No, You Shouldn't Be Taking Antibiotics For Covid

Antibiotics are ineffective against a virus, unless you've also got a bacterial infection.

Covid patients shouldn’t be given antibiotics, scientists have warned, except in rare circumstances where a secondary bacterial infection is present.

The warning comes after a study led by the University of Glasgow found that antibiotic use was very high in hospitalised Covid-19 patients in the UK during the first wave, despite there rarely being a confirmed bacterial infection.

“Covid-19 is a viral infection. Antibiotics are ineffective against viral infections, unless a bacterial co-infection is present,” lead author Dr Antonia Ho, from the MRC-University of Glasgow Centre for Virus Research, tells HuffPost UK.

Not only do antibiotics not work for treating a virus like Covid, but using them unnecessarily can predispose patients to side effects in the future and, perhaps more worryingly, can drive antibiotic resistance.

It’s estimated that at least 5,000 deaths are caused every year in England because antibiotics no longer work for some infections – and this figure is set to rise.

Antibiotics
Antibiotics

What did the study find?

Overall, 85% of Covid-19 patients received one or more antibiotics during their hospital admission in the first wave, with the highest use in critical care, while 37% of patients were prescribed antibiotics prior to admission.

There was high use of broad-spectrum antibiotics – those active against a very wide range of bacteria. But confirmed bacterial infections – which actually require antibiotics – were uncommon in people with Covid-19, especially when first admitted to hospital, the study found.

Most of the bacteria identified represented secondary infections which began more than 48 hours from admission into hospital.

So should antibiotics be ruled out completely?

Not quite. Although co-infections were rarely observed during the first wave of the pandemic, there remains a need to monitor hospitalised patients in light of increased use of steroids and other Covid-19 treatments, which may increase susceptibility to bacterial infection, researchers said.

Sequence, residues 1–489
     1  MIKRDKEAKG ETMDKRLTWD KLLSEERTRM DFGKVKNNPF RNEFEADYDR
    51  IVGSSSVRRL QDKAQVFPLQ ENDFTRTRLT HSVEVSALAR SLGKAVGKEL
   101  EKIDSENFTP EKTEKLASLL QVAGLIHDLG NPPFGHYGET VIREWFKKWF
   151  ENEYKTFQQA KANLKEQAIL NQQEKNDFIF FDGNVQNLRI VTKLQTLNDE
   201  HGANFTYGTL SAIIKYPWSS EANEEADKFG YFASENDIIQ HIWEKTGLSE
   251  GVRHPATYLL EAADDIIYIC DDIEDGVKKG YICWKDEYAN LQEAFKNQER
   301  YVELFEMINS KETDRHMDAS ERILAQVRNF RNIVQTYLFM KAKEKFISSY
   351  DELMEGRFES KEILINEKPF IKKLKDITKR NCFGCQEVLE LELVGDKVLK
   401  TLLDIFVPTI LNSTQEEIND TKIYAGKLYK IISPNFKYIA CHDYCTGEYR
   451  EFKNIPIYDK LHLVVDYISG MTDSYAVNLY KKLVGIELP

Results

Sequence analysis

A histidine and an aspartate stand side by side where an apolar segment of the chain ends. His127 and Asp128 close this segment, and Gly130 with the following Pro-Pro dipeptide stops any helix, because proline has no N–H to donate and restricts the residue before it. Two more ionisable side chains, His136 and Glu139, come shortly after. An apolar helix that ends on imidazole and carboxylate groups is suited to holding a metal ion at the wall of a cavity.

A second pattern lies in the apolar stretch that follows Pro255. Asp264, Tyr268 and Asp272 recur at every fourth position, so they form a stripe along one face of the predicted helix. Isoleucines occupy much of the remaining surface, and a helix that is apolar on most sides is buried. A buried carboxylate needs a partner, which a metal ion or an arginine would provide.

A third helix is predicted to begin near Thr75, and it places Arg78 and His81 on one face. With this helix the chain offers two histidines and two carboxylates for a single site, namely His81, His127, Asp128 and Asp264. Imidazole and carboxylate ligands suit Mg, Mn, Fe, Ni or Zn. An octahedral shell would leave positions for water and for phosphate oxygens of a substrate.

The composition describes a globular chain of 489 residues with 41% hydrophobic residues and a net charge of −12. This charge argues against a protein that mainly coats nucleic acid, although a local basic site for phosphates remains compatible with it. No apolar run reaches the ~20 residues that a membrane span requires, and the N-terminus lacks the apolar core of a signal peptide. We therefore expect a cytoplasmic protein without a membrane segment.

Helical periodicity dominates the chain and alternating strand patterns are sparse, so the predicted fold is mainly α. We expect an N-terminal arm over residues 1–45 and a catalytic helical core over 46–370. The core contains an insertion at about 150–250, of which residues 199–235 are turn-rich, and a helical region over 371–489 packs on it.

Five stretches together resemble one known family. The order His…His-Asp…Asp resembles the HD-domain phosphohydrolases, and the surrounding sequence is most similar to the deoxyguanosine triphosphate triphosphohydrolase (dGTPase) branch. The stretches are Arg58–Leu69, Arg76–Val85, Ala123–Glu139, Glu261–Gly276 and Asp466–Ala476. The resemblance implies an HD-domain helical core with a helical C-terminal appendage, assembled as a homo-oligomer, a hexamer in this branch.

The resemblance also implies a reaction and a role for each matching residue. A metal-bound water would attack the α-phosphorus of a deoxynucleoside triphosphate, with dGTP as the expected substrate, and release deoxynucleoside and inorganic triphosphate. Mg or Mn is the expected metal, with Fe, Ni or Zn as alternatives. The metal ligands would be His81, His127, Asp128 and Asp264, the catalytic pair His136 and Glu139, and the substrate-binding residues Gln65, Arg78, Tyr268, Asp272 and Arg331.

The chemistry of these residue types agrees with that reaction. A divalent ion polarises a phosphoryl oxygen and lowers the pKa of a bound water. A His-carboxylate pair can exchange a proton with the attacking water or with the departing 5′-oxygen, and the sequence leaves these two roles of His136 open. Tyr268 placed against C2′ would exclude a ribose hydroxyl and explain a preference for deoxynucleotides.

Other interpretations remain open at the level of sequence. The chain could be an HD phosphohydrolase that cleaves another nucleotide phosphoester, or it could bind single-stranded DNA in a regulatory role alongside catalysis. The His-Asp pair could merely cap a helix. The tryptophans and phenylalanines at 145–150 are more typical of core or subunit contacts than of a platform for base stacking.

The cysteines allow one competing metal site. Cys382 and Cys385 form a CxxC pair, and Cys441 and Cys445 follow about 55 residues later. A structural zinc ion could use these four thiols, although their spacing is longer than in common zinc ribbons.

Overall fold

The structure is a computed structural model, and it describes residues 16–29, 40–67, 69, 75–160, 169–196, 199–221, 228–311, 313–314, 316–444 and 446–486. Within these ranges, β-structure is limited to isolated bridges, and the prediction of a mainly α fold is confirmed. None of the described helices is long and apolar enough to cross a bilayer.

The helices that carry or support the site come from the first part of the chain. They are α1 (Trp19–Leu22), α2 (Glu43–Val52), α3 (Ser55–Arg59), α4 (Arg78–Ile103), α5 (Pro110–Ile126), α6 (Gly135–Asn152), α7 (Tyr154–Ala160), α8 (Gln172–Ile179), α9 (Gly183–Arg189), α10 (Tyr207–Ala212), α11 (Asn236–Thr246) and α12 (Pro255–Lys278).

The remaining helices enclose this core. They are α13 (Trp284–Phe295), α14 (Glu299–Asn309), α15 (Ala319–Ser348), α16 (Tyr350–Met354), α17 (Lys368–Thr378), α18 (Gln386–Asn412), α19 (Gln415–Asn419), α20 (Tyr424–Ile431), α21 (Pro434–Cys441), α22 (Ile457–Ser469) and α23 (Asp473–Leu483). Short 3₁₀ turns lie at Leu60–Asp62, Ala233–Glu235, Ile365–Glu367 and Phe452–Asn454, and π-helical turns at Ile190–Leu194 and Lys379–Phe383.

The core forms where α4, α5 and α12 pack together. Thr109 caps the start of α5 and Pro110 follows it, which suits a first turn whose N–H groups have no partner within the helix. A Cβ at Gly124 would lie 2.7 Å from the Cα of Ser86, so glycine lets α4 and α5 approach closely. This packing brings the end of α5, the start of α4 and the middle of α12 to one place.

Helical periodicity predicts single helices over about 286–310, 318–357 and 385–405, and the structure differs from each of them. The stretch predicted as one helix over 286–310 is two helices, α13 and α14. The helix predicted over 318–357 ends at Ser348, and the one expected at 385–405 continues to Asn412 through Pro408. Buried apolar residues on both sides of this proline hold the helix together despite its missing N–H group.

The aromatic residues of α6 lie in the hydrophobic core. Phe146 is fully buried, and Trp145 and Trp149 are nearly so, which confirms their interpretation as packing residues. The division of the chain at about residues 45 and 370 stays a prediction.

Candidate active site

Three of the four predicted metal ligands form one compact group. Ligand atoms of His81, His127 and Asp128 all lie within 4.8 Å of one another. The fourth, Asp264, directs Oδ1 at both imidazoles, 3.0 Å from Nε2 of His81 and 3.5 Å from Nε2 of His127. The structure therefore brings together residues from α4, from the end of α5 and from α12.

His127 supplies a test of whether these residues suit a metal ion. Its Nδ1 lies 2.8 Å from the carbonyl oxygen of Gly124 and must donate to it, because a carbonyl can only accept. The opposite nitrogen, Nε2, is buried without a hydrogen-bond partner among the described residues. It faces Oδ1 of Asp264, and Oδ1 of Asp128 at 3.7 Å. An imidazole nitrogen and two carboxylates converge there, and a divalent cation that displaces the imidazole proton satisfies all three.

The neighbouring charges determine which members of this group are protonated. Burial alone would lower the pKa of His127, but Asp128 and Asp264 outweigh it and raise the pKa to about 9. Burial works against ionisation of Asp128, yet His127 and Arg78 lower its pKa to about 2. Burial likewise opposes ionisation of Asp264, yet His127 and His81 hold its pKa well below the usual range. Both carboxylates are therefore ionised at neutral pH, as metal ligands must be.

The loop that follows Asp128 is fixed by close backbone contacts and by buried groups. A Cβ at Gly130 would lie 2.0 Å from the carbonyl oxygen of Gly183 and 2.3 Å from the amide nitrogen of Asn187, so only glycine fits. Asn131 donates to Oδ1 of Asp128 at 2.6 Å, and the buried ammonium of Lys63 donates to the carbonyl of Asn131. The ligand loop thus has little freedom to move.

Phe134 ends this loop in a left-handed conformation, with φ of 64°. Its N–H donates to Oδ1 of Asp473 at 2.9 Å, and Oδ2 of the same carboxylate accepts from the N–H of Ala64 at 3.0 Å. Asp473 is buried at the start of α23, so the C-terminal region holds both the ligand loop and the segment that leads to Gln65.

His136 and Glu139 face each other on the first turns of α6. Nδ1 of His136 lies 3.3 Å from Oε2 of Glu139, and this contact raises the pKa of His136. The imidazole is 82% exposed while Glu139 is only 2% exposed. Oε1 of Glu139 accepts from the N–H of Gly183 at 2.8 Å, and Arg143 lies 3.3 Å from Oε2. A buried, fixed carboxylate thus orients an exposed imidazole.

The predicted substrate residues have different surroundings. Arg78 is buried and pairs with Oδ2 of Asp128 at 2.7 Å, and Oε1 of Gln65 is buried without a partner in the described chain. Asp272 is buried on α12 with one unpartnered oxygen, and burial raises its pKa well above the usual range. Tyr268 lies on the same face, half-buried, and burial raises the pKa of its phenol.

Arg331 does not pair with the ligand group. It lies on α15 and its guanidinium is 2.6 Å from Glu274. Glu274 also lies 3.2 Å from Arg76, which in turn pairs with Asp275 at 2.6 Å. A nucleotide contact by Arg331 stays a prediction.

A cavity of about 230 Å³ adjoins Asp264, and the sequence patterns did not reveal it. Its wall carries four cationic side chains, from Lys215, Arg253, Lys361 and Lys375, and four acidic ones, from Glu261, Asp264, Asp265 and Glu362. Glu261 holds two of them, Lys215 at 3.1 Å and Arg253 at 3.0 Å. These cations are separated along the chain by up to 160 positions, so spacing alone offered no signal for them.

However, they stressed that over-prescription of antibiotics, particularly broad-spectrum antibiotics, in the majority of hospitalised patients with Covid-19 has raised “significant concern” about the impact on antibiotic resistance globally.

“This study demonstrates the very high antibiotic use we see in hospitalised Covid-19 patients may not be necessary, indeed it may contribute to antimicrobial resistance,” says Dr Ho. “While some Covid-19 patients will require antibiotics, mostly for secondary infections which develop after admission to hospital, our data shows that not all Covid-19 patients should be prescribed antibiotics.”

It’s “unsurprising” that doctors offered antibiotics to patients during the first wave, she added, “given the unprecedented challenges posed by the pandemic, particularly during its early stages when admitted patients were very sick, effective treatments were limited, and the role of possible co-infections unknown”. However, “antimicrobial resistance remains one of the biggest public health challenges of our time”.

Anyone offered antibiotics to treat symptoms of Covid-19 should ask their healthcare professional if they’re concerned about a bacterial co-infection, says Dr Ho. If the answer’s no, it’s worth pushing back.

Professor Calum Semple, co-lead author of the study, adds: “We only have safe surgery and medical cures for many life threatening conditions because antibiotics were discovered and mostly still work.

“Overuse of antibiotics needs to be avoided to prevent emergence of resistance. When the current threat from Covid-19 subsides, the problem of antimicrobial resistance will remain a threat.”